Karol: With any of the songs, even the songs that are already "done" or close to "done," we are constantly refining them and taking them to higher and higher levels. If something feels too conventional or comfortable, we will figure out a way to make it more interesting and challenging, while still retaining groove and feel. It can take months for a song to go from a seed to a fully grown piece.
Tyler: For me it’s either about dismantling poisonous social and political structures, or it’s a statement about spiritual growth, or both. Either way it’s alchemy; you start with the radically impure, reduce it to nothing by stripping away all of its features, and then build it back up in the image of perfection and harmony. To be honest, we never discussed a concrete theme to the album, we all just contributed lyrics independently of each other and it came out a certain way. I think we’re each still interpreting the meaning of it for ourselves.
Karol: I personally would love for people to pick up their own meaning from it. For myself, it feels loosely based around ideas of construction and destruction, in both a godless and a devotional sense. Human history is - in many ways - a history of vast monuments built to imaginary and real idols, and the dismantling of those same monuments in both intellectual and physical ways. It's a beautiful and wretched cycle. Makes me think of Sisyphus… If the stone never rolled down the hill, what would he have to push against?
J.P.: Shhhhhh guys! You're ruining everything! But seriously, it is very much up to interpretation, even within the band, as well as the listener. Really the music and lyrics are meant to stimulate whatever is already running around in your crazy and unique mind.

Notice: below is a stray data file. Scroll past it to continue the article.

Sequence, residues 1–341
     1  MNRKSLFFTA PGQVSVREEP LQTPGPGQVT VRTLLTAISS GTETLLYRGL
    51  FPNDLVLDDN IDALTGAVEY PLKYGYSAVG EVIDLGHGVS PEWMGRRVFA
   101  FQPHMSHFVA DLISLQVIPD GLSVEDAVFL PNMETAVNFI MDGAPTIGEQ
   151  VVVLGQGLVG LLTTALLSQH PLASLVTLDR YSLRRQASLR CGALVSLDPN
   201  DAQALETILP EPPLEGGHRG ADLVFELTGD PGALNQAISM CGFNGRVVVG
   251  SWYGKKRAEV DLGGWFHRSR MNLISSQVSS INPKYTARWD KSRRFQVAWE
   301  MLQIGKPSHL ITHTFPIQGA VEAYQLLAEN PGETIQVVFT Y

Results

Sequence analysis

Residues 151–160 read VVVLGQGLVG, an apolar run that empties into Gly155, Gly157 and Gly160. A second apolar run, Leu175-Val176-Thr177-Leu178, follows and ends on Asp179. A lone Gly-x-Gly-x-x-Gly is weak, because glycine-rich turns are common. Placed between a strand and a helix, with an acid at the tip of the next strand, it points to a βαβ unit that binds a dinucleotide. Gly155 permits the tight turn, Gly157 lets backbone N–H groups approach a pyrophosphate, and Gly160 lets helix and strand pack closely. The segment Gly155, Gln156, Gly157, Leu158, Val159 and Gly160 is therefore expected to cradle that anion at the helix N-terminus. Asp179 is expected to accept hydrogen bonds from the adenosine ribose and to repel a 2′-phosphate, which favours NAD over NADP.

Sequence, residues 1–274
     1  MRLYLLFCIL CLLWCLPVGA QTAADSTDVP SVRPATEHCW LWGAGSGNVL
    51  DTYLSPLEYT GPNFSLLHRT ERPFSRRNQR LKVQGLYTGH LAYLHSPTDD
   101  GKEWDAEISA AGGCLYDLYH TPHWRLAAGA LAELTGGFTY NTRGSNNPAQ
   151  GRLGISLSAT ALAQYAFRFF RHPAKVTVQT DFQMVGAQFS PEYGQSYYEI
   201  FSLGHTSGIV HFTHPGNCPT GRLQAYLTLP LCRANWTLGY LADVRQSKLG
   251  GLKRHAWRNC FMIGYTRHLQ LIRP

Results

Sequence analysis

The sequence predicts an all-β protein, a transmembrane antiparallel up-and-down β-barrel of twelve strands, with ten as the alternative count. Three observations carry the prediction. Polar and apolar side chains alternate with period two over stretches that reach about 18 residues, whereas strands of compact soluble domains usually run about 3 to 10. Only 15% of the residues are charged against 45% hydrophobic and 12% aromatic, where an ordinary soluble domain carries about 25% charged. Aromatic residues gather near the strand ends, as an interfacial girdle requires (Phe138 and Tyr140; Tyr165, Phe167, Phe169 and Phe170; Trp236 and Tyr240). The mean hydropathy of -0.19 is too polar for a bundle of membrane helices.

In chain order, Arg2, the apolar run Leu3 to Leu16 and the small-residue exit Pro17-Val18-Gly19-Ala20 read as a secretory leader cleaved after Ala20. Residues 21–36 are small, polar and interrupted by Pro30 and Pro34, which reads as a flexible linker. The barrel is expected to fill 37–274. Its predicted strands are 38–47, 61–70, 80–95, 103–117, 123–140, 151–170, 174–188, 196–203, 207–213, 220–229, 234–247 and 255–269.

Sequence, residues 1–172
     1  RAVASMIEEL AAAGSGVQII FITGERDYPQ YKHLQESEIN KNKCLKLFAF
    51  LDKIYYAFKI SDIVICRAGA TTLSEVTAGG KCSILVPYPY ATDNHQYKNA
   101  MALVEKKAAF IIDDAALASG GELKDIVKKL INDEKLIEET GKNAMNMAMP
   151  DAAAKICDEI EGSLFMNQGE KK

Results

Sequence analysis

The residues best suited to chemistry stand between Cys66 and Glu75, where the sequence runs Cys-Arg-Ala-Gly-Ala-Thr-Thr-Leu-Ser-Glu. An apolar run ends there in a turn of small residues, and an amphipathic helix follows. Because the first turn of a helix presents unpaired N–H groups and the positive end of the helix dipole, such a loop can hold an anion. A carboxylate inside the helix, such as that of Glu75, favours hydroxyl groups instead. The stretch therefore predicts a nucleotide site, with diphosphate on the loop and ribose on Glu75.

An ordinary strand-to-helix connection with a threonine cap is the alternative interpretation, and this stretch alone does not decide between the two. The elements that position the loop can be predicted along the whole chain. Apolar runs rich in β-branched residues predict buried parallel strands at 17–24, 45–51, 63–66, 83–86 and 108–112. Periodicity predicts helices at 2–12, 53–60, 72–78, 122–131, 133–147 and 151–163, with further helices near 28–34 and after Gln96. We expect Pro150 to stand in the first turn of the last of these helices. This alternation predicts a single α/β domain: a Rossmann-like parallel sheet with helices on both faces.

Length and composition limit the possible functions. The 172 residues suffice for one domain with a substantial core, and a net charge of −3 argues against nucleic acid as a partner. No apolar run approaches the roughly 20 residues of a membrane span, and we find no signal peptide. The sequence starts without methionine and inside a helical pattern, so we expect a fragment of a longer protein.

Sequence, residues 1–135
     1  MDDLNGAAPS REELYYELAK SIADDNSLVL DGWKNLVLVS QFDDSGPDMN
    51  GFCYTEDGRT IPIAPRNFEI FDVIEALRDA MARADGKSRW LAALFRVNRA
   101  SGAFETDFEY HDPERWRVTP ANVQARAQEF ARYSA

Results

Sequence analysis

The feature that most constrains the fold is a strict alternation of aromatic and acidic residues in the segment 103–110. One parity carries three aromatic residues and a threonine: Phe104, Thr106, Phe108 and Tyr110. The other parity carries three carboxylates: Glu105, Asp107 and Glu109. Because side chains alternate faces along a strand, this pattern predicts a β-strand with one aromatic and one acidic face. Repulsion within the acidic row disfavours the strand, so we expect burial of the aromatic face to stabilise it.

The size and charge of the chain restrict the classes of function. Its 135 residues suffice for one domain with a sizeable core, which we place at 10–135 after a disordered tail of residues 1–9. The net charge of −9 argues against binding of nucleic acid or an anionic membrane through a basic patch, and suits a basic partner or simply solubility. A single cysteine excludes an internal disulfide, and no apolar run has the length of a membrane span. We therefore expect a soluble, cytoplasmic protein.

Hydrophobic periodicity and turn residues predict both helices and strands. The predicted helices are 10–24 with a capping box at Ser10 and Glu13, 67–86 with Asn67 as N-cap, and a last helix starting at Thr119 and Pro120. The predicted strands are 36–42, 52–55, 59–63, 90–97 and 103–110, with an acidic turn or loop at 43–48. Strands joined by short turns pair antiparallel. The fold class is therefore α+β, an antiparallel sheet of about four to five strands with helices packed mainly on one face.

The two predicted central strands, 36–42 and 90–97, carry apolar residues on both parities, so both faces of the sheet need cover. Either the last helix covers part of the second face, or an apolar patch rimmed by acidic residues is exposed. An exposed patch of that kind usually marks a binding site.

Q9 – Was it an easy album to write and record for. Did the final result meet your original expectations.
J.P.: Yeah the writing was definitely the most time consuming, as arrangements are decided on democratically. Recording was a bit of an experiment that ended up working out well. I definitely learned a lot about the recording process this time around, and hope to bring that knowledge to future projects.
Tyler: Well, some of the songs we’ve been writing since the beginning of the band. G.A.T.U. is the third song we ever wrote, and that was one vocalist and three bass players ago. Templum Dirutum, on the other hand, is the youngest song on the album, and we were still working out details of the arrangement as we were recording it. The recording process itself was very smooth actually. We tracked all four songs live off the floor in one day, and then spent probably about another week doing overdubs, vocals, solos, stuff like that. J.P. mixed the whole thing by himself, so he put in the most work by far. But yeah, I’d have to say that the final product exceeded my expectations in every category.